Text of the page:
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China's aggression against Philippines' resupply mission was calculated

The China Coast Guard's 5 August water-cannon assault on the Philippines' resupply mission didn't just happen. Things didn't just get out of hand. No, China has clearly been planning for this calculated aggression.
Ray Powell | AUGUST 6, 2023
China's aggression against Philippines' resupply mission was calculated

Ray Powell

Director

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The China Coast Guard's 5 August water-cannon assault on the Philippines' resupply mission didn't just happen. Things didn't just get out of hand. 

No, China has clearly been planning for this calculated aggression.

Three months prior to yesterday's resupply, China's force in the area around Second Thomas (Ayungin) Shoal consisted of a single coast guard vessel and three maritime militia ships. A month ago it had expanded its militia force to 17 ships. By yesterday's mission China had 4 coast guard and 32 militia ships ready to interdict the resupply. 

[Update: The Philippine Coast Guard has since reported that they encountered a total of 6 China Coast Guard and 4 PLA Navy ships.]

While most of the militia ships remained in the rear area near Mischief Reef, most weighed anchor and deployed from the port in the hours leading up to the resupply.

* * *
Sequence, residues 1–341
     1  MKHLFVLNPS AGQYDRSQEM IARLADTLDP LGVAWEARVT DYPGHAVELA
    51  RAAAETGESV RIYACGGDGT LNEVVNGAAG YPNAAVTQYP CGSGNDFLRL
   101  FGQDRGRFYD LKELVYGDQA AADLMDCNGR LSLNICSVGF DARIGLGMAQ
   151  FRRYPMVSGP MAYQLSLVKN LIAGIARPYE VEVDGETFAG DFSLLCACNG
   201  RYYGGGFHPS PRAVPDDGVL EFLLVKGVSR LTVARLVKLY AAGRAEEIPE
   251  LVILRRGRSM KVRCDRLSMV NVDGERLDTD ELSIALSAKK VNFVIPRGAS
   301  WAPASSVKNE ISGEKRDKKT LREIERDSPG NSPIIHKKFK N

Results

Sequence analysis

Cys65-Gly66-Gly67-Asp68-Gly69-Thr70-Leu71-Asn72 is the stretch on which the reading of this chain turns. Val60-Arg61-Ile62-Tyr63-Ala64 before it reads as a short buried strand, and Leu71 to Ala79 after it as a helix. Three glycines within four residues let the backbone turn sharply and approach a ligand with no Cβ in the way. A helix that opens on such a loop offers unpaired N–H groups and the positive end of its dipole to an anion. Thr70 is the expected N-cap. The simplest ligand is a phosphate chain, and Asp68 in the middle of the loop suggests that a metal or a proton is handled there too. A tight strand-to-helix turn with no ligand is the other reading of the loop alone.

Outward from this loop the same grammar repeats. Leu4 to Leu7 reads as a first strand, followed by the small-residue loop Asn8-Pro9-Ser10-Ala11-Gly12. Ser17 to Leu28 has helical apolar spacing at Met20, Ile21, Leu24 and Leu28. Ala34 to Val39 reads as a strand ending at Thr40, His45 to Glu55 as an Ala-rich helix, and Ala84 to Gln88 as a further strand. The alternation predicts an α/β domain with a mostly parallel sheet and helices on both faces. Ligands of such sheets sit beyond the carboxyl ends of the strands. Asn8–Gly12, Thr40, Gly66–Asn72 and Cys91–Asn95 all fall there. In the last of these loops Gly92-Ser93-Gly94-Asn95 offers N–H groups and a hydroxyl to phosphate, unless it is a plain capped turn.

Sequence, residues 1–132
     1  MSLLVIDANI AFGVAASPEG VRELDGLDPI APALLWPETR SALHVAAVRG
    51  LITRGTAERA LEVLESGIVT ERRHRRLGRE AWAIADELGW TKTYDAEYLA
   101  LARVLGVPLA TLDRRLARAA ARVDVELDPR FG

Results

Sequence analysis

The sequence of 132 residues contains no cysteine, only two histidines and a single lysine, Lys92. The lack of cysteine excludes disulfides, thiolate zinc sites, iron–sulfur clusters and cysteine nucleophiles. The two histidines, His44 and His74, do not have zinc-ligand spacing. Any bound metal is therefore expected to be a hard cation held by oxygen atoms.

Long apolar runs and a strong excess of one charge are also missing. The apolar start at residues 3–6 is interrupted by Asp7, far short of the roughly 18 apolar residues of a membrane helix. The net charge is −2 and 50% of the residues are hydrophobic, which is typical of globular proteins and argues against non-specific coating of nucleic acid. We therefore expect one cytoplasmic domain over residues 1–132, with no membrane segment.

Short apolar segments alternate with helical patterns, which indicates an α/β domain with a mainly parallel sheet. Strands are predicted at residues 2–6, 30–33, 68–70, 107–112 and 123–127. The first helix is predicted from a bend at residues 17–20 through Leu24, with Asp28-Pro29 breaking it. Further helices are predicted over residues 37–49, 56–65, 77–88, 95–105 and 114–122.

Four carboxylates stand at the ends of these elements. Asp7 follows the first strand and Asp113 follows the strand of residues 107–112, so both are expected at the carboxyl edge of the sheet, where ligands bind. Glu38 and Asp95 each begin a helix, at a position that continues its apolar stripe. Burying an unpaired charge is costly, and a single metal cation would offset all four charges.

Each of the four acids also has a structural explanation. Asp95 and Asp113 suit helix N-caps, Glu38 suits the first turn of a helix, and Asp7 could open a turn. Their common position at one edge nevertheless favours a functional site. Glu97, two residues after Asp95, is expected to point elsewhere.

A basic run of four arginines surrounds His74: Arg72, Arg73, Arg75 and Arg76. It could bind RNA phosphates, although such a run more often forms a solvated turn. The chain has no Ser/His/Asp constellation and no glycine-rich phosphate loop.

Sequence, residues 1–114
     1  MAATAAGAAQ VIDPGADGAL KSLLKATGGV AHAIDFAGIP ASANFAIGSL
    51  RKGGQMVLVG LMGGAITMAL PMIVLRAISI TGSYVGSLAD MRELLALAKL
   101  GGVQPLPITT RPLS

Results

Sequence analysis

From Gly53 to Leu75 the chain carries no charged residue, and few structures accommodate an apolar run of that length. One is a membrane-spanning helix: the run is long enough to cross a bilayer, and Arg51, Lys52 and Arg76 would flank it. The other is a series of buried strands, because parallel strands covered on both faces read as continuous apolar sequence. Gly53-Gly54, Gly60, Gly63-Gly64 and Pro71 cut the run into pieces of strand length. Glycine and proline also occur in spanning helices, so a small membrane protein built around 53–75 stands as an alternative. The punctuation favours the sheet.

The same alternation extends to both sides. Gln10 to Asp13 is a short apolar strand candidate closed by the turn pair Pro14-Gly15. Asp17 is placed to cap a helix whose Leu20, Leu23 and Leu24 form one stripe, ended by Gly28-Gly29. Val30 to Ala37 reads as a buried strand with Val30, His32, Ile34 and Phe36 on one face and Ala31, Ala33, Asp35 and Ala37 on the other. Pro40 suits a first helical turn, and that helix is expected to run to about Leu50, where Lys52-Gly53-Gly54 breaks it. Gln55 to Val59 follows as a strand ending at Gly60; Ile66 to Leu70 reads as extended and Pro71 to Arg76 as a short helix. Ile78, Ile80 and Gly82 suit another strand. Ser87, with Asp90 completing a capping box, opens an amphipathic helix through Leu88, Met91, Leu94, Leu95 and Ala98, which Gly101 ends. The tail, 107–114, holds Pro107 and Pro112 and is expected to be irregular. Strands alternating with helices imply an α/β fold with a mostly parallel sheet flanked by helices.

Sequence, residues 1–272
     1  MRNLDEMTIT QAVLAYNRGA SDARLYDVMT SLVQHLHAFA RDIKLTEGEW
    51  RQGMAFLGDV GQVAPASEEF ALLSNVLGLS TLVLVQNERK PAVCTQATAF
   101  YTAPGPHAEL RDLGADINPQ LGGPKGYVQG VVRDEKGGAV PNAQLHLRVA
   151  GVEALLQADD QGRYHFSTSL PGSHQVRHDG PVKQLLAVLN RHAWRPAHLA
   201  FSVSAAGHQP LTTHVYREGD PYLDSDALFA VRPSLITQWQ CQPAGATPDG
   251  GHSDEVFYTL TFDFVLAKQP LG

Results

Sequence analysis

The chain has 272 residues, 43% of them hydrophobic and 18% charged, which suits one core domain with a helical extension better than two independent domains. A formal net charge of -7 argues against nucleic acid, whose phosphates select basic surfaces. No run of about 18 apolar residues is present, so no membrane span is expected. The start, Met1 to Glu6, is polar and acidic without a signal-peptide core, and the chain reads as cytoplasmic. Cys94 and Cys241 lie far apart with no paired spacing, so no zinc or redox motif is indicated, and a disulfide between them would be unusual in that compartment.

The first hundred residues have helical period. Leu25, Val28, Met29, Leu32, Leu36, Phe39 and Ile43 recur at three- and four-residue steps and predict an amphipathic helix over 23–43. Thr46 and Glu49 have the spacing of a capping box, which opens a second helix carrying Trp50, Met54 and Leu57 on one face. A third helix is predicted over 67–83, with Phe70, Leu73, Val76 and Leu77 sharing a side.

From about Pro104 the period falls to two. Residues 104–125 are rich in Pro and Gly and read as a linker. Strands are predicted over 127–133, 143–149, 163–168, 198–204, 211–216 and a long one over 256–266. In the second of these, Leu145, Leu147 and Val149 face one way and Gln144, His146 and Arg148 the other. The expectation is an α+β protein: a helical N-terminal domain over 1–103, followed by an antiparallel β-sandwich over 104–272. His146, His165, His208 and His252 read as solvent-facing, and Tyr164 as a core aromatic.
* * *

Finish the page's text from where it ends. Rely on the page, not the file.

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Two Philippine Coast Guard ships supported by one Navy offshore patrol vessel escorting resupply boats encounter an armada of 4 China Coast Guard and 32 militia ships.

The signal was clear--China was ready and willing to escalate even further if need be.

Beijing has obviously made the calculation that the Philippines' new assertiveness in defending its exclusive economic zone, strengthening its U.S. alliance and other security partnerships, and publicizing China's gray-zone aggression in the West Philippine Sea represents an affront that must not be tolerated. An example must be made. 

In the infamous words of former foreign minister Yang Jiechi: "China is a big country and other countries are small countries, and that's just a fact.

"Small countries" are expected to know their place.

Manila has stubbornly refused to accept its assigned place. Instead it immediately released the evidence of this escalation for all to see. This has already earned it renewed support from the U.S.--which again reaffirmed its intent to honor its Mutual Defense Treaty obligations--as well as a host of other like-minded partners. 

In fact, the past 6 months of Chinese aggression and Philippine transparency have only served to further internationalize this issue and further isolate China.

Meanwhile, China's weak attempts to change the subject--either by inviting the Philippines' former president to Beijing or proposing joint naval exercises--simply cannot compete with visuals like this:

China water-cannons Philippine resupply vessel near Ayungin Shoal, 5 August 2023. Video courtesy Jay Batongbacal via Twitter/X.

Ray Powell

Ray is the Director of SeaLight and Project Lead for Project Myoushu at Stanford University's Gordian Knot Center for National Security Innovation. He's a 35-year veteran of the U.S. Air Force and was a 2021 Fellow at Stanford's Distinguished Careers Institute.

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